This article is by GCI-Germany Elder Santiago Lange.
Liturgy is an important aspect of worship in the Christian faith. It helps us mature in our relationship with Jesus. But to gain that benefit, we need to understand what liturgy is, and how it is used in various worship traditions. Unfortunately, some Christians condemn all “church traditions” and “liturgical practices” (whatever they may mean by those terms), seeing them as cloaked attempts to undermine and weaken the authority of the Bible. But, is that actually the case?
Are worship traditions permissible?
In England, at the Tower of London, every afternoon at exactly 4 PM there is an interesting ceremony. The Beefeaters, British royalty’s ceremonial guards, come out of the Tower and feed the ravens on the front lawn. There is a legend that as long as the ravens are fed, London would never fall to her enemies. During WWII and the Battle of Britain, when London was being bombed by the Nazis, many ravens were frightened away. Prime Minister Winston Churchill ordered the Beefeaters to secretly clip the wings of the remaining ravens, so they could not fly. Why? To provide a sense of stability and security to Londoners in a troubled time.
We know that Jesus is our strong anchor and that our primary identity must be in him. We don’t have to worry about “our ravens flying away.” We are secure in our Savior’s hands. And yet, there is a proper place in the Christian church for God-honoring traditions. Simply defined, a tradition is “that which is handed down from generation to generation.” Of and by themselves, traditions are neither “good” or “bad.” The content and reason for our traditions determine their potential value.
The New Testament speaks of tradition in a positive light. The apostle Paul wrote this: “…Stand firm and hold on to the traditions that we taught you, whether by speech or by letter” (2 Thess. 2:15, NET). Jesus did many things for which the only authority is tradition. For example, attendance in a synagogue (Luke 4:16) is not mentioned once in the Old Testament. Giving thanks before eating (Matt. 14:19) was not part of the Law. It was purely a Jewish tradition. The singing of a hymn at the end of the Passover meal (Matt. 26:30) was not part of the Law regarding Passover observance. The Feast of Dedication that Christ attended (John 10:22) was a Jewish celebration. Do these facts have any implications for a liturgy that is not directly commanded for Christians under the new covenant?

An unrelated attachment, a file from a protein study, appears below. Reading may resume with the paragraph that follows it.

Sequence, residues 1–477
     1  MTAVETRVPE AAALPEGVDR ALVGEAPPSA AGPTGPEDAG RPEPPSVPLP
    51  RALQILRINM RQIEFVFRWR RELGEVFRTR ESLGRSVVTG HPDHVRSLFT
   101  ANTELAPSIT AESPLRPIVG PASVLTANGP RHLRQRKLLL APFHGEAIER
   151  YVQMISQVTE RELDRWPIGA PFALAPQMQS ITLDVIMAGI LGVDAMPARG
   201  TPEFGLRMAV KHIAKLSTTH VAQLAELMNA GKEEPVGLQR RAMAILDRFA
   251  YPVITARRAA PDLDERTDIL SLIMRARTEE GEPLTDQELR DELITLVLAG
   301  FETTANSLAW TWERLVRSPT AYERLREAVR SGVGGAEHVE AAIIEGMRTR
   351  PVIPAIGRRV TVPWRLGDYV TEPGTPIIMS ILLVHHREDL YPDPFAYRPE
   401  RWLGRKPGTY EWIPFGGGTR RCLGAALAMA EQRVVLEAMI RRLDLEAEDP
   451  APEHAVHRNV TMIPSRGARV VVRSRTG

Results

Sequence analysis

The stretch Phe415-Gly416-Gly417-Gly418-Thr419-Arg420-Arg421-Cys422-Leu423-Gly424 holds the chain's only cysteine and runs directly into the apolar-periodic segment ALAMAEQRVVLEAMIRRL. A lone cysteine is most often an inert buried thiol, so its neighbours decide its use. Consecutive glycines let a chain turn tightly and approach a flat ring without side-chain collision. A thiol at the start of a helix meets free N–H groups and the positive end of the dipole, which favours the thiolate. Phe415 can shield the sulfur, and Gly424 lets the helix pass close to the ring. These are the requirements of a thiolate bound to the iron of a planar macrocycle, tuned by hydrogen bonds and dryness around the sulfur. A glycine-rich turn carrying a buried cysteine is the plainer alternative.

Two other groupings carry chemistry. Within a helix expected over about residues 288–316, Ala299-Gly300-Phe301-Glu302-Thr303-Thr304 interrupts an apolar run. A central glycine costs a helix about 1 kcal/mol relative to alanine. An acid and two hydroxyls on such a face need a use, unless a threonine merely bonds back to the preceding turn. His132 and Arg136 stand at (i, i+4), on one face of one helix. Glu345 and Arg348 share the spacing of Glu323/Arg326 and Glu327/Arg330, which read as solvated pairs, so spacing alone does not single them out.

There are two extremes regarding traditions. The Pharisees were guilty of making tradition equal with the authority of Scripture. They believed in the Oral Law, a set of traditions reaching all the way back to Moses. The Pharisees taught that the Law in both its oral and written forms was binding. Unfortunately, they introduced various traditions that were designed more to protect and enrich themselves than to honor God.
What is liturgy?
An explanation of terms is needed at this point. The Oxford Dictionary of the Christian Church gives this definition of liturgy:
Liturgy (Gk. λειτουργία from λεώς ‘people’ and ἔργον ‘work’). The original Greek word was used of a public work of any kind, not only religious, but in the Septuagint, it is applied particularly to the services of the Temple. The word in English is used in two senses: (1) of all the prescribed services of the Church…and (2) specifically as a title of the Eucharist (as the chief act of public worship).
Over the centuries, some Christians have defended worship traditions or certain “liturgical practices” as having an equal footing with Scripture. As Evangelicals, we believe and assert that God’s Word is our final authority in all matters of faith and practice. The most notable “liturgical celebration” directly instructed by our Lord to his disciples is the “Lord’s Supper” (also called Communion and the Eucharist). But, that fact does not prohibit Christians from framing, expanding, teaching and cherishing a God-honoring liturgy for worship that focuses on God, who he is and what he had done. The above-mentioned examples and the New Testament witness underscore this claim.
Liturgical practices can help us focus on the story of Jesus, with the great events of his incarnation, birth, life, death, resurrection and ascension at its core and center. The RCL (Revised Common Lectionary) offers Christians a widely-accepted and meaningful liturgical pattern of worship that is strongly Christ-centered and gospel-shaped.